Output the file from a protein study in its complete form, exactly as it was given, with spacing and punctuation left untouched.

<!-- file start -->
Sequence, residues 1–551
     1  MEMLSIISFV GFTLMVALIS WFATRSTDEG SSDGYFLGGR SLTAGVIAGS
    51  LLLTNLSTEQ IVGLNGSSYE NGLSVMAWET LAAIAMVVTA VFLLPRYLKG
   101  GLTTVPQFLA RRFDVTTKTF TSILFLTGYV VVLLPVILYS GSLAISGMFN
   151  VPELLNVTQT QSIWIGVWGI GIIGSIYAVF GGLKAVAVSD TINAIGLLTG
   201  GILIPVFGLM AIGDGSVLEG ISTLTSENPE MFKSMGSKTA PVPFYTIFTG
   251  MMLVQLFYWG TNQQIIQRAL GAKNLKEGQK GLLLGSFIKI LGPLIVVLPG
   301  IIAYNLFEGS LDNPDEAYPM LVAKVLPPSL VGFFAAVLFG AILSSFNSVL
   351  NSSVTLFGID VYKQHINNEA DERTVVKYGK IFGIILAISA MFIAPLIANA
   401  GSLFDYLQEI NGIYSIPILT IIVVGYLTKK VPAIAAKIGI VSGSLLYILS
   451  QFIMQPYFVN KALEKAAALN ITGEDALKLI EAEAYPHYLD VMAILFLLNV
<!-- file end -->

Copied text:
Sequence, residues 1–551
     1  MEMLSIISFV GFTLMVALIS WFATRSTDEG SSDGYFLGGR SLTAGVIAGS
    51  LLLTNLSTEQ IVGLNGSSYE NGLSVMAWET LAAIAMVVTA VFLLPRYLKG
   101  GLTTVPQFLA RRFDVTTKTF TSILFLTGYV VVLLPVILYS GSLAISGMFN
   151  VPELLNVTQT QSIWIGVWGI GIIGSIYAVF GGLKAVAVSD TINAIGLLTG
   201  GILIPVFGLM AIGDGSVLEG ISTLTSENPE MFKSMGSKTA PVPFYTIFTG
   251  MMLVQLFYWG TNQQIIQRAL GAKNLKEGQK GLLLGSFIKI LGPLIVVLPG
   301  IIAYNLFEGS LDNPDEAYPM LVAKVLPPSL VGFFAAVLFG AILSSFNSVL
   351  NSSVTLFGID VYKQHINNEA DERTVVKYGK IFGIILAISA MFIAPLIANA
   401  GSLFDYLQEI NGIYSIPILT IIVVGYLTKK VPAIAAKIGI VSGSLLYILS
   451  QFIMQPYFVN KALEKAAALN ITGEDALKLI EAEAYPHYLD VMAILFLLNV